By Michael Karlo Lim
I’D CITE history subjects, the National Geographic Channel and various reading material for building my interest in India but it was Wes Anderson and The Darjeeling Limited that turned that into sort of just short of an obsession. I missed Mumbai four years back when I bailed out on a trip over a semestral break scared by horror stories from people who, I realize now, haven’t even been there. My equal was luckily equally enthralled by the exoticism of the subcontinent and of Anderson, as well, so plans were drawn for our first trip together abroad.
Both heat averse, we booked roundtrips for the cooler weather period of February. Our friend Alexis had enjoyed his trip there with friends last year and graciously referred us to Heritage India Private Tours for arrangements. The lowest fares were from Cebu to Kolkata with welcome stopover in Kuala Lumpur at which we took the opportunity for making a quick side trip. Stuck in my Wes Andersen daydream, I realized too late that the train that ran the route from Kolkata to Agra was nothing like in the movie and the palatial sleeper train of my dreams was also an upper six figures above my budget. We flew domestic to Delhi, instead.
The Netaji Subhas Chandra Bose International Airport – rated most improved airport in Asia Pacific region for 2014 and 2015, and the Indira Gandhi International Airport – the Best Airport in 2015 – both by the by the Airport Council International , were first to roll out the red carpet and shatter all our preconceived notions. It all seemed too good to be true but the surprises kept coming.
Our first bite of India was sadly chain but their Twin-tailed Siren offered exciting local delicacies of Date – Walnut and Ginger Tea Cakes. I swear their Matcha-Espressso Fusion Teavana was more intense. We knew we were in good hands when met our driver, VJ. We knew we were in especially good hands when he started talking textiles, showing us swatches for materials to be made into three sets to wear to his cousin’s upcoming wedding. Velveteen prints, high threadcount cotton, silk and fine handblock printed fabrics. VJ whisked us away on our own sedan to Agra with a quick rest stop for a stretch and lunch at Highway Masala. There we had the all-too familiar Tikka Masala, Butter Naan and Golab Jamun but with more pronounced flavor nuances.
We were checked in to the quiet and quaint Taj Villas to wash off the past twenty-four hours before making good of the rest of daylight to tour the city. On our way to Agra Fort, we were warned about vendors and guides and instructed to strictly ignore them. Bees to the honeypot these were and with no one succeeding in selling services, one pushed everyone aside like he-got-this and spoke to me in better Mandrin than I could muster. The urge not to be one-upped and to reply in my pidgin Chinese was met by the PussyKat’s feral eyes in a stern reminder to “ignore, ignore, ignore.”
The fort’s walls in thick, red stone opened into palaces, pavilions, courtyards and manicured gardens too many to explore all in the intended time frame. We were to catch a view of the Taj Mahal at sundown and made do with the hour. A quick drive away had us on the backroads of the royal hunting grounds. VJ had us close our eyes and counted down to open as the domes of the Taj came into view. A short hike up a dirt road had us on the banks of the river to the left of the monument glowing in the setting sun. With time to burn before dinner, we made a roundabout of the city in-car.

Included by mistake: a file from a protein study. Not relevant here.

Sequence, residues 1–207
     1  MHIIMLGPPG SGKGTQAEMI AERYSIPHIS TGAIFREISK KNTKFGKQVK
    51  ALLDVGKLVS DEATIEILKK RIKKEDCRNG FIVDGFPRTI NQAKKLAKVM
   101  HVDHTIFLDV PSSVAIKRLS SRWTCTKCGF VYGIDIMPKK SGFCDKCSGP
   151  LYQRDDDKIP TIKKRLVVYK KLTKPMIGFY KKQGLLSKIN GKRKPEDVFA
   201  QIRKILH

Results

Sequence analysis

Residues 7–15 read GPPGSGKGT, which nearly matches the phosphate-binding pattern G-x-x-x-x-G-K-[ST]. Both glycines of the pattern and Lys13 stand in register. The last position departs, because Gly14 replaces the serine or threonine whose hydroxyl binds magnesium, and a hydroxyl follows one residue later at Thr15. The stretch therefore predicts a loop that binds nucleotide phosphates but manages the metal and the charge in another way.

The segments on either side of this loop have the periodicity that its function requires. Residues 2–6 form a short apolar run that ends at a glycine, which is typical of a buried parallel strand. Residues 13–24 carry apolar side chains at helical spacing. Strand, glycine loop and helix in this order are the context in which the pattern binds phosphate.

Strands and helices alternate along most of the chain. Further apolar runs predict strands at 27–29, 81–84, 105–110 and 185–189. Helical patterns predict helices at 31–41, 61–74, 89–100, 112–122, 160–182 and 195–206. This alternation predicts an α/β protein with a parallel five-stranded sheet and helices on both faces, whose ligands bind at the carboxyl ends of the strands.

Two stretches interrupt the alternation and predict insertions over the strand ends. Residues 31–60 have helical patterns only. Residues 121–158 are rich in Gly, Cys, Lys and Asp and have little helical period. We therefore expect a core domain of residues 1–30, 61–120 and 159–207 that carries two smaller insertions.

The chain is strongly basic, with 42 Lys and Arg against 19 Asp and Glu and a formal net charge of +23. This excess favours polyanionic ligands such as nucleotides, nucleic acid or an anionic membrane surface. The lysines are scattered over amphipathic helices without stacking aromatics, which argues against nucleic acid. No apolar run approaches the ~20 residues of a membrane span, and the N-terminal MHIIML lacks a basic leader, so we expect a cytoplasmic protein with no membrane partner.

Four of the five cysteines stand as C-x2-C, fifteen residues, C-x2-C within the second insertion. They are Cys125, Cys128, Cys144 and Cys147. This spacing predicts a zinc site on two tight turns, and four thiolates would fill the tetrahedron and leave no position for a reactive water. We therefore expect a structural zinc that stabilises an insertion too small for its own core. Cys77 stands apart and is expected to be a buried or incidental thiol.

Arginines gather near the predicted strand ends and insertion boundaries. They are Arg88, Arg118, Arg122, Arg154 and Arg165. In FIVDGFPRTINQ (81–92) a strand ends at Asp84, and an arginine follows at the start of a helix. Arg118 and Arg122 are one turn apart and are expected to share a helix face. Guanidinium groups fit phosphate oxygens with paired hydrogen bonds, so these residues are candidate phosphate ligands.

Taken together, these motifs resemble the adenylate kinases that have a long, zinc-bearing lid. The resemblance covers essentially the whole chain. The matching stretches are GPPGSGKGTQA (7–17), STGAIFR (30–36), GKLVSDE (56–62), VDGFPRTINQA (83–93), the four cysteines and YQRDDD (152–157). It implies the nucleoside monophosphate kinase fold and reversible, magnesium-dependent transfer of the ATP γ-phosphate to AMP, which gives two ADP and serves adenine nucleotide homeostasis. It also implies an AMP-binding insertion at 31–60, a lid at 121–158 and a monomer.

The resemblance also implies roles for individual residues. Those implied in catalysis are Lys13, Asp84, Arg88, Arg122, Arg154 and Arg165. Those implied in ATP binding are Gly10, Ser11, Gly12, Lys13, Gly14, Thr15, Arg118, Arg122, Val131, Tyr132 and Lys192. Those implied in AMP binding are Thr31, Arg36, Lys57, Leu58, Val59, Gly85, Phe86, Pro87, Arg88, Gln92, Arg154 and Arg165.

Valentino India is a locally registered Indian shoe brand not in any way connected to the house of Garavani. I have a pair of embroidered jooties back home and was hoping to score a pair in all-leather. I asked to be taken to a traditional shoe shop and we ended up at this factory showroom. The confusion was without regrets as there was this pair of hair-on printed goat skins that leaped from the shelf as I entered the doors.
We insisted on traditional, our driver wanted us to try a popular dining concept and the compromise was Bon Barbecue. You begin with a live coal grill dropped into your table recess and an assortment of unlimited kebab items and side dishes served. Garlic Prawns, Kasturi Kebab, Drums of Heaven, Mutton Kena Kaljis, Paneer Tikka, Tandoori Mushrooms, Makkacholam and Honey Coriander Pineapple.
The already filling starter above was only a prelude to the buffet of Tanatar Daniya Ka Shorba, Manchow, Changezi, Punjabi Gosht, Murgh Dum Biryani, Lemon Fish, Paneer Methi Masala, Makai Palak, Soya Chaap Masala, Makai Padak, Dal Burkhana, Daltadka. I did not bother with dessert but we were served after dinner refreshers of Dried Gooseberries, Brown Sugar Candy, Tamarind Candy and Sugared Anise Seeds.
We rose at the crack of dawn to catch the sunrise at the Taj Mahal complex. There was a considerable line at the ticket counter at the visitor center, a crazy rickshaw ride to the venue and an even longer line at the East gate. By the time we entered the courtyards there were already hundreds of people dotting the view and ruining our #followmeto pegs.
We got hit by their version of the Philippine maniniyot. We stuck it out as long as we could with the instructions to ignore service offers but failed when we allowed him to take our photos with our camera before the deft transition to his own. Out of character and definitely out of our comfort zone, we were directed into many kooky poses this photographer would not allow us to say no to. Over two dozen shots later, we were left to marvel at both his salesmanship and, thankfully, his photographic skills.